Kurt Anthony Krug

Three-Inch Teeth
by C.J. Box  
G.P. Putnam's Sons, February 2024, $30

Wyoming-based game warden Joe Pickett has his hands full in his 24th novel, Three-Inch Teeth. Not only does he have to deal with a grizzly bear on a deadly rampage, an old enemy named Dallas Cates is out of prison and out for revenge. Cates has a list of names of the six people who helped put him away tattooed to his hand—and Pickett and Nate Romanowski are two of them. If only one member of Pickett’s supporting cast dies, that’s getting off easy.

The description of the bear attacks—especially the one that opens the book—are pretty harrowing, filling the reader with a sense of dread. As Pickett tries to figure out what is motivating the bear attacks and deal with a group of animal rights activists called the Mama Bears, Cates is recruiting a team of hardened criminals to help him with his revenge scheme, including another old enemy of Pickett’s named Axel Soledad. Cates takes advantage of the chaos and panic in the wake of the grizzly’s rampage to exact revenge, leading to quite the showdown at the end.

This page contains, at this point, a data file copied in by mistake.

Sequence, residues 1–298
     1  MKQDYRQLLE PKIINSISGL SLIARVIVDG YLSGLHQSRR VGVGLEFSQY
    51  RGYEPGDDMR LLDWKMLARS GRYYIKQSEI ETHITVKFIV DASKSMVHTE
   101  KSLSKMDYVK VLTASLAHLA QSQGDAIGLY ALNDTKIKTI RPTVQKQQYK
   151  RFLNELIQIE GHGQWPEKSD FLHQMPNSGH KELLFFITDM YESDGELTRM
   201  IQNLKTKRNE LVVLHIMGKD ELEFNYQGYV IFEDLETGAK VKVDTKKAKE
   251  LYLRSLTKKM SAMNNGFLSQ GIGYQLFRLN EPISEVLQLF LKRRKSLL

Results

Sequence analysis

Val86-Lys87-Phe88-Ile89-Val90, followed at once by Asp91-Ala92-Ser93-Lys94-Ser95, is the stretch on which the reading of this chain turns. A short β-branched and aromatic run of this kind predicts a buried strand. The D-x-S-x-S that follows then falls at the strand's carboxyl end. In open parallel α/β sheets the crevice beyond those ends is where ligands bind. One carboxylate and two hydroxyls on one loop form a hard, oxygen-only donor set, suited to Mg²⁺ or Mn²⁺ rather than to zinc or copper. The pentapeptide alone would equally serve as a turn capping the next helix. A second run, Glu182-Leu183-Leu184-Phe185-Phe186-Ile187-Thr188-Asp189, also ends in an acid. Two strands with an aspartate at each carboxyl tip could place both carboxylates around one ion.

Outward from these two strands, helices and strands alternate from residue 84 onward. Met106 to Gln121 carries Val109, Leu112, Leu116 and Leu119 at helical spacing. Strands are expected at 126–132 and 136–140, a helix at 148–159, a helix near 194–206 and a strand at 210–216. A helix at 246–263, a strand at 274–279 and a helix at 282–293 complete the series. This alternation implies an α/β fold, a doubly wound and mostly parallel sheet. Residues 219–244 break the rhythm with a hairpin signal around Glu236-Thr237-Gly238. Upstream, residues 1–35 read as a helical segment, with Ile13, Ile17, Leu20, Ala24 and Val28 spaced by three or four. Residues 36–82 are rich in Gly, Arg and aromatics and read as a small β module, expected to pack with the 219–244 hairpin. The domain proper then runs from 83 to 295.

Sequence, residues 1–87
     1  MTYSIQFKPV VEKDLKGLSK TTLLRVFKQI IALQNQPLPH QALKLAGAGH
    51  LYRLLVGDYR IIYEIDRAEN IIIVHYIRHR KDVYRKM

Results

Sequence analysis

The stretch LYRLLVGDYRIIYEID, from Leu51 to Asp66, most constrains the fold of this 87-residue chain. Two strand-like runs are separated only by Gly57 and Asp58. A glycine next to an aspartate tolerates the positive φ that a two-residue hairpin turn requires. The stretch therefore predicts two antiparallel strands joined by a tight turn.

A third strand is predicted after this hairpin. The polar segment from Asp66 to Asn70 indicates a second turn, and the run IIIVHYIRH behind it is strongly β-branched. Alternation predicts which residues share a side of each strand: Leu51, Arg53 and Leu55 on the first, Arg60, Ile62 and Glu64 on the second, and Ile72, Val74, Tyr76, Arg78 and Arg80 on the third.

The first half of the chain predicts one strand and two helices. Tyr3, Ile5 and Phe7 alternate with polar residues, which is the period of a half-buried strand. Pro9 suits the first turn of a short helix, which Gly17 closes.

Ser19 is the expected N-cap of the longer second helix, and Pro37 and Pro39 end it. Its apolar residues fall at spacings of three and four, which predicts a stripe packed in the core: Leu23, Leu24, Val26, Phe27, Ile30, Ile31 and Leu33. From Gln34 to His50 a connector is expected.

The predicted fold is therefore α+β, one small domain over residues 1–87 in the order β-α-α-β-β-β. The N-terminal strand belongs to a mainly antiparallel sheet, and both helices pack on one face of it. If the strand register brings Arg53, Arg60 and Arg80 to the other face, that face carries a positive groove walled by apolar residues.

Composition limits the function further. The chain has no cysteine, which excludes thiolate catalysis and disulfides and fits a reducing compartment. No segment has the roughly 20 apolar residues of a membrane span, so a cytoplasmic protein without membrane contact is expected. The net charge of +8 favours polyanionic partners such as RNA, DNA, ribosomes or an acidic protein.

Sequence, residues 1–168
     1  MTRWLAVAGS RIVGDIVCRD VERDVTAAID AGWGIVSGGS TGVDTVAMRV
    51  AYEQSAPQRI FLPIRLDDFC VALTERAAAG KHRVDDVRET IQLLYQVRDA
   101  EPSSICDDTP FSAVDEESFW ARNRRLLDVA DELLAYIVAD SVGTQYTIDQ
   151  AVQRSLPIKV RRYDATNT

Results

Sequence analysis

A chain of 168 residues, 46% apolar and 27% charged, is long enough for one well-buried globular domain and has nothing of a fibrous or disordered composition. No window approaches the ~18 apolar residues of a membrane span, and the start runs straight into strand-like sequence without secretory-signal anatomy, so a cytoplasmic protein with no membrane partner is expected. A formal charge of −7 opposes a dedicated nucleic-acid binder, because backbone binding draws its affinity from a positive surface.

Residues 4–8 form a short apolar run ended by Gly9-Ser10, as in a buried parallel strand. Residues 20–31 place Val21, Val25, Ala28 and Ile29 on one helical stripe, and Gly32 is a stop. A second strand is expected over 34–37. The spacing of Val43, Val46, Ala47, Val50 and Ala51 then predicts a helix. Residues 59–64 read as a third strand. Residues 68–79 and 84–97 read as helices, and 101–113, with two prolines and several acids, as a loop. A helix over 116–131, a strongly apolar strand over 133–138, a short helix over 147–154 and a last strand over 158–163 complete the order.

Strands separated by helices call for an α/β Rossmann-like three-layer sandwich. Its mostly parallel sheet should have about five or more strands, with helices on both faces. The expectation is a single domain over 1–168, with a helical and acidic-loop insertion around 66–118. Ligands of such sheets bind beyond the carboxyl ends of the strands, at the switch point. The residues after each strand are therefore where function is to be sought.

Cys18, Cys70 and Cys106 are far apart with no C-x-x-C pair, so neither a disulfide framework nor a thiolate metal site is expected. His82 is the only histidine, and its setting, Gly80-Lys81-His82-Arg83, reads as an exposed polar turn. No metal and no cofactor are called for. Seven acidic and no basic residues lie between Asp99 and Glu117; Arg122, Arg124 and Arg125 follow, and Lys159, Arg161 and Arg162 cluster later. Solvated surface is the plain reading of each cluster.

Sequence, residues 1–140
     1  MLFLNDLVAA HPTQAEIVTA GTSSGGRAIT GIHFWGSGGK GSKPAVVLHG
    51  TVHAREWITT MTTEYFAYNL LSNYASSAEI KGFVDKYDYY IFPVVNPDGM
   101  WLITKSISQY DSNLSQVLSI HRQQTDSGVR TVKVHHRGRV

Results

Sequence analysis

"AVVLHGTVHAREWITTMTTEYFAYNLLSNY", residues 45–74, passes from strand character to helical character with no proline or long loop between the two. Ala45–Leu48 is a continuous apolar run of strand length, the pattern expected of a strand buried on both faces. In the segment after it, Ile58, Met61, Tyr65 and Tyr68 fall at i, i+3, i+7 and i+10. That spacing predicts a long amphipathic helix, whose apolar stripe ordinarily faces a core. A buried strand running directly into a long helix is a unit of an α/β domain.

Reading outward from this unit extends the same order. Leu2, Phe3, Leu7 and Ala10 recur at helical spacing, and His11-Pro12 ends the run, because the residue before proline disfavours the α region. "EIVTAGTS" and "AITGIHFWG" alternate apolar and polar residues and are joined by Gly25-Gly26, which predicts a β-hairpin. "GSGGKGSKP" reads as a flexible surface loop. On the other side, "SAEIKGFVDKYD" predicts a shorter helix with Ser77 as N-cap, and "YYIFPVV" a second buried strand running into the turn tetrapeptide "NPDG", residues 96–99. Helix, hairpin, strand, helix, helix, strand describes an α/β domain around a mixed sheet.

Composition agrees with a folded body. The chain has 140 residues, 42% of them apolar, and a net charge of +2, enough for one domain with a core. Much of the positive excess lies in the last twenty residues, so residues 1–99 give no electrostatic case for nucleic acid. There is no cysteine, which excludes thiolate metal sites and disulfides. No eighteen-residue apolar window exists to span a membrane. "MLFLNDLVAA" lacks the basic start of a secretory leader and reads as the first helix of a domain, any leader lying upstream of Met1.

There is also a subplot involving Pickett’s daughter Sheridan and an enigmatic, bitter old woman named Katy Cotton. This subplot is resolved abruptly (in fact, the ending feels a bit rushed). It would’ve served Box to devote more time to it in the next Pickett novel.

Still, in the grand scheme of things, that’s a small complaint to have. Box writes with an authentic sense of place, having grown up in Wyoming, where he hiked, fished, and hunted. The cliché of writing what you know applies here. He also knows how to ratchet up the tension, writing with a sense of urgency that burns through the pages rather quickly.